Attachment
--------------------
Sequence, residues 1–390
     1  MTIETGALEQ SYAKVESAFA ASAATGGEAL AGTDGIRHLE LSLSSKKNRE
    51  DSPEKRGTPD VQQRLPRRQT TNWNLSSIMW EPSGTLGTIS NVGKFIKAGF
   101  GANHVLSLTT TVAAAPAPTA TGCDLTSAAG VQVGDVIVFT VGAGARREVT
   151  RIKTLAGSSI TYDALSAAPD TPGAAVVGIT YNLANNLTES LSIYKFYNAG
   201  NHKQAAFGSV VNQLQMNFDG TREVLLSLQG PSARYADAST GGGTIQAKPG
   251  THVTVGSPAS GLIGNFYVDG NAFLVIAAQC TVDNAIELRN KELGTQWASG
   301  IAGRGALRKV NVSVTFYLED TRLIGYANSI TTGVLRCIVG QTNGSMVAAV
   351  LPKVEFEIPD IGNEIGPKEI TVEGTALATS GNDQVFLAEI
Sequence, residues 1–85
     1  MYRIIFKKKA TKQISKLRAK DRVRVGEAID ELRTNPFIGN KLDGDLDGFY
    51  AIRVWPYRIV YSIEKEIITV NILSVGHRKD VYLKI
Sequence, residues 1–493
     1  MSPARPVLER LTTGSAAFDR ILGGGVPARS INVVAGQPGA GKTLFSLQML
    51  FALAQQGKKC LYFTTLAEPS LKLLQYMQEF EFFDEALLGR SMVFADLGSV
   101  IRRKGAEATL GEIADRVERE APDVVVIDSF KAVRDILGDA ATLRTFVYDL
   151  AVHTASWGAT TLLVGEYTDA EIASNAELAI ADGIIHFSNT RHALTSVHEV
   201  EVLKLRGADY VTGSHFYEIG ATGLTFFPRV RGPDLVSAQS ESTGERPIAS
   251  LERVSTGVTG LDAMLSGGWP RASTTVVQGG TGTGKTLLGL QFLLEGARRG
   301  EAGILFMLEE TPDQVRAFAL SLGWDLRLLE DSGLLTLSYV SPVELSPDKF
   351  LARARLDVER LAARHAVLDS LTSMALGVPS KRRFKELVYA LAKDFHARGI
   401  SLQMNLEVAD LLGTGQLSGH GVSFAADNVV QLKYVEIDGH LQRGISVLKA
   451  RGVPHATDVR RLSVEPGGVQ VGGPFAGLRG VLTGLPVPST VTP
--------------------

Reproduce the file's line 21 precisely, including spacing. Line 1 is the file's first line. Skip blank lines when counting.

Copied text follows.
   351  LARARLDVER LAARHAVLDS LTSMALGVPS KRRFKELVYA LAKDFHARGI